There are a number of other indicators of a shift in tone from government in that report. The document states clearly that cycling is good for business "[it] improves access to employment sites, local shops and leisure facilities". This sort of language might not sound radical to people who read this blog but, again, you don't have to look far to see countless examples of government NOT saying this sort of thing.

What also stands out to me is the fact that for the first time, the idea of 'bicycle = transport' seems to be starting to permeate mainstream Westminster thinking. And that's not all. A couple of years ago, mainstream professional organisations seemed to think that bicycle transport would just happen by people making 'smarter travel choices' (whatever that means), some of them are coming round to the idea that there is a genuine need to invest in bicycle infrastructure. The Chartered Institution of Highways & Transportation, for example, states that it "supports the development of programmes that integrate investment in both high quality infrastructure and smarter choices". That's important because we need support for proper infrastructure to take hold.

Tower Hamlets clearly thinks this is good cycle infrastructure. It's not, it's dreadful; and an utter waste of taxpayer money. But we could see more of this without decent design standards. 

What we also need, however, is robust criticism of the government's plans. And it's very encouraging to see some mature criticism around cycling policy emerging at a political level and within the sorts of professional and trade bodies that we're going to need to deliver some of this change. The Chartered Institution, for example, notes that total shambles of bicycle design standards. London still doesn't have its own cycle design standards (technically it does but they've hardly ever been applied, more details here) and yet some boroughs are already busily designing their own. Southwark council, for example, has just released its draft standards which are pretty patchy. What this means is that there is a significant risk London will end up with 36 different sets of bicycle infrastructure design standards. That will mean cycle ways that look and feel completely different from one borough to the next. That's not acceptable when we design roads for motor traffic so why should it be acceptable for bicycle traffic?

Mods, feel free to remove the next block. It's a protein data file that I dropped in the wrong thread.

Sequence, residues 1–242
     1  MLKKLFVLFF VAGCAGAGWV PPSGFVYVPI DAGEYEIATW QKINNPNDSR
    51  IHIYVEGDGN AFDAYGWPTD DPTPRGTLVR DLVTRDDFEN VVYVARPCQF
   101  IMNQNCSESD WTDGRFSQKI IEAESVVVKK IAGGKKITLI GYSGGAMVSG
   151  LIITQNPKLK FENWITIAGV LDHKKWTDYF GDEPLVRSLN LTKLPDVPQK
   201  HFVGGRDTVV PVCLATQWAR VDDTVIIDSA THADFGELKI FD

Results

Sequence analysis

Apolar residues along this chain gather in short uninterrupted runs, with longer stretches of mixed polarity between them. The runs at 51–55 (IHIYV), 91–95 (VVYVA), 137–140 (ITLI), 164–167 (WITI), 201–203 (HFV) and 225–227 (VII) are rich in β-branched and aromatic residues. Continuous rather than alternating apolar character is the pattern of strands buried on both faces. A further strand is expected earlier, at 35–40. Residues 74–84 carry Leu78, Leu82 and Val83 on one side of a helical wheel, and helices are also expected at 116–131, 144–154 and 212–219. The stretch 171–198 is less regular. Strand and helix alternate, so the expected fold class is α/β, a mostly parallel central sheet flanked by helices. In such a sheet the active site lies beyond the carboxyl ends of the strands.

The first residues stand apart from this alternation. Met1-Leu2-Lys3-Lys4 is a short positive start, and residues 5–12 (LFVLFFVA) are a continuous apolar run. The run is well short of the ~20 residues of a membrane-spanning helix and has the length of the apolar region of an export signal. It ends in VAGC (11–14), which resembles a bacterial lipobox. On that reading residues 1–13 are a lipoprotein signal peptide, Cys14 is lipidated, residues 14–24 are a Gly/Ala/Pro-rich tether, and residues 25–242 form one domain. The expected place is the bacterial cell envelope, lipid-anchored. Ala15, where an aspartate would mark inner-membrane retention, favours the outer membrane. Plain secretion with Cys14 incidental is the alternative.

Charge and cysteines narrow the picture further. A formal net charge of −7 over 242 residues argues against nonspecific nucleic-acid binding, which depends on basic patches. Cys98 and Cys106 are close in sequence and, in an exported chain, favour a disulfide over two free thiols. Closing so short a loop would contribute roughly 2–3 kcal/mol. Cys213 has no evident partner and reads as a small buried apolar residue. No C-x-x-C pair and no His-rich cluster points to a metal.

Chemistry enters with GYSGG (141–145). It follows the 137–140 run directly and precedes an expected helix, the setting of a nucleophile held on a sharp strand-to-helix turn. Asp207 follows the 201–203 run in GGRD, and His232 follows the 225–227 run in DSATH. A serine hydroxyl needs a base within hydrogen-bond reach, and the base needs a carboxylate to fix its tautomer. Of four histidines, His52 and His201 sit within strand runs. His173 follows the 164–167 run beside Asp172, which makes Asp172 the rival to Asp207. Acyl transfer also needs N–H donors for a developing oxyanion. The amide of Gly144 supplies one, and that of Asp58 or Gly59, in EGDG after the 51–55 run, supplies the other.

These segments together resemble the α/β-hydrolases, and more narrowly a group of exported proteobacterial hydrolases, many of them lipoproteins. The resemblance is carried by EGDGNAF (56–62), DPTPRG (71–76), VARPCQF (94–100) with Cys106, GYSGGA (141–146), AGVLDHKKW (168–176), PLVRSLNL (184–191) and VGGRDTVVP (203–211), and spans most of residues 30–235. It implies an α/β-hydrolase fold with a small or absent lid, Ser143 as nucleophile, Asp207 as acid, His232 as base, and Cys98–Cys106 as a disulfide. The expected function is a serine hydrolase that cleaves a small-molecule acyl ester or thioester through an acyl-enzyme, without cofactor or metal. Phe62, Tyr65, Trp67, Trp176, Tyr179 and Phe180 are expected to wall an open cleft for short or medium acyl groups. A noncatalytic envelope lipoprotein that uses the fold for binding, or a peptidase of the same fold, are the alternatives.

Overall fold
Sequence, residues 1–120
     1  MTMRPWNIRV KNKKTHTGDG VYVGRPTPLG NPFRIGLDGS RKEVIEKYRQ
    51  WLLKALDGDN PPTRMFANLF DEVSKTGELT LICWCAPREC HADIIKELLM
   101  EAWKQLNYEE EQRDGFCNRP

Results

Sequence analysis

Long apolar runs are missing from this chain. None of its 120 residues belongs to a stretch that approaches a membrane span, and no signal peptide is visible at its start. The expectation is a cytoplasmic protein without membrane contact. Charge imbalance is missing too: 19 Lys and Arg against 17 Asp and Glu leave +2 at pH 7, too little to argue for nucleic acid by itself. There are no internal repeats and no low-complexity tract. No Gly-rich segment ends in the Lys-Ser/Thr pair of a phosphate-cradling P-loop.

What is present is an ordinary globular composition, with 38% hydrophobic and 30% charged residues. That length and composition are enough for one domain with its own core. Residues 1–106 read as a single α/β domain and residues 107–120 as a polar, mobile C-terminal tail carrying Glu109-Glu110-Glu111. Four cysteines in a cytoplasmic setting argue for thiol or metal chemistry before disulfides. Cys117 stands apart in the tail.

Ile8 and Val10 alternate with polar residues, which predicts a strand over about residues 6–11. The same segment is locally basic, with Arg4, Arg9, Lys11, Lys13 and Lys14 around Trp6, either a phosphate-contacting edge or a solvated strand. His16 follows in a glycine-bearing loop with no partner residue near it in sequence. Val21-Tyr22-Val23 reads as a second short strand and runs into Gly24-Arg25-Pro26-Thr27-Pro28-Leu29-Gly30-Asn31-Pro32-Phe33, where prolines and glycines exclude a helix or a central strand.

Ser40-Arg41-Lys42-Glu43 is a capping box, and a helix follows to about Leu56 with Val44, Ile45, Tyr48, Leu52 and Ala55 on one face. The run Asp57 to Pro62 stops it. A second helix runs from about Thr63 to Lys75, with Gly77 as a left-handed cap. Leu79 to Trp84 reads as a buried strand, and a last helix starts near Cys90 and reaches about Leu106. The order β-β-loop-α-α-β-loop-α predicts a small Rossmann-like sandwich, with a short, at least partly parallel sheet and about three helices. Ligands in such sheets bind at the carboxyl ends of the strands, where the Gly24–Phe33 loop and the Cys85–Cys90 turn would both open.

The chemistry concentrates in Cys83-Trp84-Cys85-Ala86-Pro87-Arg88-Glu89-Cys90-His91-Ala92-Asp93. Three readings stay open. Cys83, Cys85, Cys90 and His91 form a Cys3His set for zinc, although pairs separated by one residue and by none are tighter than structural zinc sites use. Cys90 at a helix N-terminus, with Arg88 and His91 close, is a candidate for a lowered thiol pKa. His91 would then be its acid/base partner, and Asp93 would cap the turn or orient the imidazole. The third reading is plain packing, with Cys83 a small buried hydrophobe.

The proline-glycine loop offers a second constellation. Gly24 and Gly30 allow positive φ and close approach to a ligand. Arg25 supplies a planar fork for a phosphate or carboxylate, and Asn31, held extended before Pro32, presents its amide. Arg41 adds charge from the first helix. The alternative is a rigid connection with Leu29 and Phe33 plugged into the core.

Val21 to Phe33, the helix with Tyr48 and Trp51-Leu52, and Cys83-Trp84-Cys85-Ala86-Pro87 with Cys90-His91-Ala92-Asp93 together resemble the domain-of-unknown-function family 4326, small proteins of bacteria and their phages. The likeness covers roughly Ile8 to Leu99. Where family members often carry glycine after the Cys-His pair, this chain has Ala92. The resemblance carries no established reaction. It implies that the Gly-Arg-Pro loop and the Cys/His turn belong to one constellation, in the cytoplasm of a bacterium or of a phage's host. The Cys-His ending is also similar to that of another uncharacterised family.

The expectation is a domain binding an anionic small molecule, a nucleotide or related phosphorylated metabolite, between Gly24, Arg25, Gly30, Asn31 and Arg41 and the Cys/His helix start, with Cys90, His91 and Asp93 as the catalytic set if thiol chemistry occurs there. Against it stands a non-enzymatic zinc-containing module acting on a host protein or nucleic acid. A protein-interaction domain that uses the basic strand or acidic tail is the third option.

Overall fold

It's also very interesting to see that it's no longer just the bloggers who are pointing out one undeniable fact about the government's cycling investment: People are starting to notice that the amount of money being invested is peanuts. What's more, the manner in which investment for cycling is being provided is really not encouraging. The Chartered Institute notes that the amount of money being invested is hardly any more than was provided by Cycling England (a body that invested in cycling infrastructure in some UK cities and was dismantled by the government in its bonfire of the quangos) and it quotes the Cycling Embassy of Great Britain's excellent point that there is no continuity or security in any of this funding. That's important. If you look at some of routes on the existing London Cycle Network, you'll see that most of the routes have had zero investment ever since Boris Johnson came to power. The result is potholed roads, missing signposts, changes elsewhere on the road network that have rendered some of the cycle links completely useless. You need to invest and you need to sustain investment, not just do a bit here and there when it pleases you.